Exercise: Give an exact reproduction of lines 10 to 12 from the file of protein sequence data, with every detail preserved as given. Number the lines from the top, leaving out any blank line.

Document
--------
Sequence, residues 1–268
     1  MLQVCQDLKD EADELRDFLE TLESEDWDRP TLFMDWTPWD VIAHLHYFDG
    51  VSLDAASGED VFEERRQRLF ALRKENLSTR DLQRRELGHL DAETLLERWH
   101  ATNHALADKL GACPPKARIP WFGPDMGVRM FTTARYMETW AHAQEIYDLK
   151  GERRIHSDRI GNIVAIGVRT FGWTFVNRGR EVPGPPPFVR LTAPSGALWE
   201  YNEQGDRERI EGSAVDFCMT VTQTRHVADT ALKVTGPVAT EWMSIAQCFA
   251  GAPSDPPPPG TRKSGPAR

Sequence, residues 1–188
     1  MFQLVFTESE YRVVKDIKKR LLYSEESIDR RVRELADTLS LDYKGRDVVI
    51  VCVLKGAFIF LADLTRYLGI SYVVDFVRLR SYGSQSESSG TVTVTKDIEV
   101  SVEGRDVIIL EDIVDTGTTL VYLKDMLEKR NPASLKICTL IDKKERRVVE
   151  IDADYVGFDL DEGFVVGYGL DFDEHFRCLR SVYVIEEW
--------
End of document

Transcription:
    51  VCVLKGAFIF LADLTRYLGI SYVVDFVRLR SYGSQSESSG TVTVTKDIEV
   101  SVEGRDVIIL EDIVDTGTTL VYLKDMLEKR NPASLKICTL IDKKERRVVE
   151  IDADYVGFDL DEGFVVGYGL DFDEHFRCLR SVYVIEEW